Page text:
A 16% reduction over a decade, means that thousands of bagers are slaughtered and there is still an 84% failure rate.What a disgusting waste of money and life. I would trust many vets before a doctor to treat me but doctors are not allowed by law to slaughter PEOPLE with diseases.We vaccinate or isolate people not take pot shots at them, as in England.VETS ARE TRAINED IN SCIENCE AND ARE SUPPOSED TO SHOW COMPASSION. I know there are vets, who work for DEFRA who obviously turn a blind eye to abuse as at Cheale Abattoir.Defra initialy refused to take legal action because the abuse of pigs had been filmed undercover without consent.Panorama went undercover to expose abuse of disabled people in a Bristol carehome.Thank god the authorities did not have the mindset of DEFRA.
I am not religous and I will only respect others religions if they do no harm.We live in Britain and the law says animals must be prestunned. There must be NO EXCEPTIONS. Kosher and Halal are NOT HUMANE.See www.THE EARTHLINGS. 2000 years ago before electricity they may have been the most humane means of slaughter but it is not humane to cut the throat of a conscious, sentient being, that feels the same pain and fear as humans.How do they differ from concentration camps or genocide except the target species is not human.Man could do what he liked to a slave because it was LEGAL.It was not right or moral.
It disgusts me that in Wales, puppies are churned out of puppy farms under poor welfare conditions and yet city dog pounds are overflowing with dogs that cannot be homed. It is brutal and depressing to euthanase healthy dogs. THE ANSWER IS EASY. CLOSE PUPPY FARMS.tHIS IS THE MORAL DUTY OF THE WELSH ASSEMBLY if it wants to set a standard for others to follow of being MODERN & CIVILISED.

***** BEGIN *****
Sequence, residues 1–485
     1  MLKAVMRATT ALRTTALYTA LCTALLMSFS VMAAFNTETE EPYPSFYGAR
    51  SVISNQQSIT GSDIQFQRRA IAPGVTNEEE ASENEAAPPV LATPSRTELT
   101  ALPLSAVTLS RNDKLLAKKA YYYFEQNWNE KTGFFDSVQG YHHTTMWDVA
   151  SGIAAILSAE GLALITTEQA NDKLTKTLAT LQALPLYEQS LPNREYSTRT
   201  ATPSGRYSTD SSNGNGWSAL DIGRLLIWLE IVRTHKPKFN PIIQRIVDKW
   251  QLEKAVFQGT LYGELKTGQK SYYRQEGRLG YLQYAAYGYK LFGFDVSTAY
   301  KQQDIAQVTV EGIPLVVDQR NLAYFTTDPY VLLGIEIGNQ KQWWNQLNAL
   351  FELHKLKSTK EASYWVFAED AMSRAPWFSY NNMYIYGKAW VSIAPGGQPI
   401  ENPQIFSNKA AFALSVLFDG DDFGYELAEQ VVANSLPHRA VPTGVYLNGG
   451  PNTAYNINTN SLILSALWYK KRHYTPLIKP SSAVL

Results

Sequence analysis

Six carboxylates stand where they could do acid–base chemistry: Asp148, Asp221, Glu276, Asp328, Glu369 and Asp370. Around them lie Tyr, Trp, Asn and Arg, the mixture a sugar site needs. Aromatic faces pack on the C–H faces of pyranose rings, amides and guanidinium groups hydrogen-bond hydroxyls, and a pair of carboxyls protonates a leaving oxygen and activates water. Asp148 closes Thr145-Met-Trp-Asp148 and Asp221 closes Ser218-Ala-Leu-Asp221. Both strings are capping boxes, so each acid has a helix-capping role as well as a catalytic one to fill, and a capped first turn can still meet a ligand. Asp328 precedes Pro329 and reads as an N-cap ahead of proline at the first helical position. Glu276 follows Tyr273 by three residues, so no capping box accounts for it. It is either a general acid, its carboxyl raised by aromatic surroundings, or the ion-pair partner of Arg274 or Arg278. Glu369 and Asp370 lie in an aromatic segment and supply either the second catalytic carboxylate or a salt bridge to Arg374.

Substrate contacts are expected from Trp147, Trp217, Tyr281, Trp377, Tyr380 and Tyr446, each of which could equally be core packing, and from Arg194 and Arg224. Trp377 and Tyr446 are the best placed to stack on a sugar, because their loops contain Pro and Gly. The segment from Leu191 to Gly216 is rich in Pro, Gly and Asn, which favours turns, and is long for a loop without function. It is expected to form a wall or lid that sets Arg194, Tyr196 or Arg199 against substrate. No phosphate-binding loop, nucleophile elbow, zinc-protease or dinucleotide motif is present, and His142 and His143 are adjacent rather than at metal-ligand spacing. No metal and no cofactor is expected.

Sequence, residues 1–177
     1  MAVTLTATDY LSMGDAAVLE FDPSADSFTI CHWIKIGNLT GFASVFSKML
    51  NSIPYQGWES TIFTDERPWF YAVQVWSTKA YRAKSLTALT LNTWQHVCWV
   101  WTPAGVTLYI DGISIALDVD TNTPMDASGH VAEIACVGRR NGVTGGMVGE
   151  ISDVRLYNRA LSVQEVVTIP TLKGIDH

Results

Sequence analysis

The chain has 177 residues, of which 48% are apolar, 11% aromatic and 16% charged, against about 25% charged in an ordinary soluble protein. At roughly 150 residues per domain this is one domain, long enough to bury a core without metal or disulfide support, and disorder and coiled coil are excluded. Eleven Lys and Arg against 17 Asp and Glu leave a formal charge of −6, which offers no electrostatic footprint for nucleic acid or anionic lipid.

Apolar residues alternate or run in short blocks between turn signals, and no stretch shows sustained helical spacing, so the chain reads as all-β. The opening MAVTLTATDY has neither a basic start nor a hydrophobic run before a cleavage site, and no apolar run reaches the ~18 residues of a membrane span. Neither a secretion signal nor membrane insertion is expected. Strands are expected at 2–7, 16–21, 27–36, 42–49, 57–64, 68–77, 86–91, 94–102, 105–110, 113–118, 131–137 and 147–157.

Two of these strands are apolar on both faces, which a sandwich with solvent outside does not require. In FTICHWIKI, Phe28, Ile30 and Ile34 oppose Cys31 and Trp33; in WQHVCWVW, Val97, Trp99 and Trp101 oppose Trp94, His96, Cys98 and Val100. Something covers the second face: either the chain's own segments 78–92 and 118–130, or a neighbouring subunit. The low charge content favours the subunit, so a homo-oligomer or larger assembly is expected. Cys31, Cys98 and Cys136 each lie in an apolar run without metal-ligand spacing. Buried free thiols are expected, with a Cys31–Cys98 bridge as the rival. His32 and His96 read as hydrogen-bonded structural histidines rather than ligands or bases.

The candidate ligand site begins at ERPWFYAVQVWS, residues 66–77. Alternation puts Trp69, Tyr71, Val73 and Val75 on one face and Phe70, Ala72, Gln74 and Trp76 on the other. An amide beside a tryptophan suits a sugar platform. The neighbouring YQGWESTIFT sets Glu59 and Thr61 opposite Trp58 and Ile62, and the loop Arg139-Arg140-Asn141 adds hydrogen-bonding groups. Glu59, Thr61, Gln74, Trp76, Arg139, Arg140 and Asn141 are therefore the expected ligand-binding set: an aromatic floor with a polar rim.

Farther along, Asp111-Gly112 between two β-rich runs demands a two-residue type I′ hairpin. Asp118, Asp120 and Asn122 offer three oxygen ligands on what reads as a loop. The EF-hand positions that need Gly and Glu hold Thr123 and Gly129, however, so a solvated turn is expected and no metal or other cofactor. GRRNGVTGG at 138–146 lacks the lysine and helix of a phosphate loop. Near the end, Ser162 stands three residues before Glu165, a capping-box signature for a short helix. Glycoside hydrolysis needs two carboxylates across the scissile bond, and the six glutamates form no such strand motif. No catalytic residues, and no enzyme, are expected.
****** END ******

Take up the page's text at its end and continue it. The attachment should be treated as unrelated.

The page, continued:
18-07-2012 14:47 PM | Posted by: TrishHall
Cameron's Defra comprises of his own hunting and shooting pals - Paice and Spelman. This Tory-led govt is determined to persecute and anhialiate our wildlife. Their argument that 25,000 cattle are killed each year because of bTB pales into insignificance when compared to the numbers culled each year due to mastitis (90,000), lameness (31,000) and infertility (125,000). There will be huge public opposition if this cull goes ahead and I would urge readers to boycott farming products and abstain from holidays in the West country.

18-07-2012 17:43 PM | Posted by: ros berrington
I am appalled that the badger cull is likely to go ahead when the scientific research suggests this is not the answer and will more likely increase t.b.What needless suffering and as to the B.V.A supporting the cull,shame on them.